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Are there any problems with a single species, in which all fertile members are able to bear fertile offspring with all other fertile members, having extreme amounts of diversity? For example, having members with different types of limbs, different methods of locomotion, different diets, etc.

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    $\begingroup$ You mean more so than domestic dogs? $\endgroup$
    – Zeiss Ikon
    Aug 12, 2021 at 18:32
  • $\begingroup$ @ZeissIkon Yes I do $\endgroup$ Aug 12, 2021 at 18:32
  • $\begingroup$ There are undoubtedly any number of potential genetic mechanisms that might allow for extremely diverse body plans. This happens with humans (occasionally) with digits, some have fewer, some more. Likely though, while you might have varied shape in a limb, or a variable number of them (6 rather than 4, etc), you'd still be limited somewhat... say by bilateral symmetry. For alien biology, I don't think it's far-fetched to go all out though. Variability plus translational symmetry could give rise to all sorts of strange body plans. $\endgroup$
    – John O
    Aug 12, 2021 at 19:12
  • $\begingroup$ "For example, having members with different types of limbs, different methods of locomotion, different diets, etc." Do that and the entire point of categorizing animals into species goes "poof". You'd need to either think up your own category system that doesn't take the anatomy and biology into account, or just have a completely homogenous biosphere with no species at all. $\endgroup$ Aug 13, 2021 at 15:09

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I suspect this is not what you’re after, but the closest we have is holometabolous insects, i.e. those whose body plan is dramatically remodelled between the larval and adult stage, like butterflies and moths. Having “different types of limbs, different methods of locomotion, different diets” is precisely the point of holometabolism, so that the growth phase and the mating phase can each specialise in their single purpose.

With this in mind, you could imagine a species that, instead of going through the phases in strict sequential order, responds to environmental cues to develop into one of several genetically available body plans/life strategies. You could have the “summer body” with a short, fiery lifespan sustained by abundant available food, and the “drought body” with rugged anti-evaporation scales and so on.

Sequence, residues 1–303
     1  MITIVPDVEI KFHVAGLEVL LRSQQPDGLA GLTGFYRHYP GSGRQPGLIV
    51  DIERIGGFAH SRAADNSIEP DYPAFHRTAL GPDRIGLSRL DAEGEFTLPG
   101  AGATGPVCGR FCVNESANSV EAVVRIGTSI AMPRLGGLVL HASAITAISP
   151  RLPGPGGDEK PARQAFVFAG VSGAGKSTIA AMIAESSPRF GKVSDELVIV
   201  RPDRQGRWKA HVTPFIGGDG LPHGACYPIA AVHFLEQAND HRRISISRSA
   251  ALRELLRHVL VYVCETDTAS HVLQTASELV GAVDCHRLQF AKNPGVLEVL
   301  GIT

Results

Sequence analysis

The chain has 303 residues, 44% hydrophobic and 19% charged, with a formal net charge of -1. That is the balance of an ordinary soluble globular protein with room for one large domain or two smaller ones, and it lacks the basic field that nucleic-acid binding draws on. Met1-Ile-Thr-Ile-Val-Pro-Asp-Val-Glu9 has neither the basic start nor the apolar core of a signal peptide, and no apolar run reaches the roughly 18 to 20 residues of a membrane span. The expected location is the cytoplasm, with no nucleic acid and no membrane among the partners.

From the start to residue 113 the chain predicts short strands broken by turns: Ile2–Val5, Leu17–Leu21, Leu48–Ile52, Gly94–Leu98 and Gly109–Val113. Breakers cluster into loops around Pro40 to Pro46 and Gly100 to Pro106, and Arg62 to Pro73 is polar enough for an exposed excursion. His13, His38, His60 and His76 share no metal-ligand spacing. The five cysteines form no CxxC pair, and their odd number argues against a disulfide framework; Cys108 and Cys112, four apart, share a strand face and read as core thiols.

Current holometabolous insects are not fertile across stages, but that’s because they have specialised to optimise to eating vs sex. Your species may have specialised instead to optimise to different environments, but potentially reproduce at any stage. As long as their mate attractant (say, a pheromone) is the same for all variants and their mating organs are compatible, there would be no problem in keeping them cross-fertile. In fact, I imagine that seeking a mate from a different variant would be advantageous, because each parent has been selected against a different developmental scheme, so the genes that the kids inherit contain two different body plans that have successfully passed evolutionary selection.

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The Diversity Isn't Genetic, It's Developmental:

One simple way to have this work is if the diversity of body plans is caused by developmental differences, not genetic ones. In cold climates, small, thick stubby fingers develop. Moms eating fish during pregnancy have kids with webbed feet and toes. The presence of tropical trees causes extra arms and flexible joints for tree climbing.

So you can have different tribes of people who look completely different, yet have kids adapted to their local environment. While having such designs is complex, for a species that moves a lot and migrates from biome to biome, this could be a definite survival adaptation. On a world where frequent environmental change happens (forcing people to move to new environments), they can intermarry with the locals or not, and still get kids adapted to the new conditions.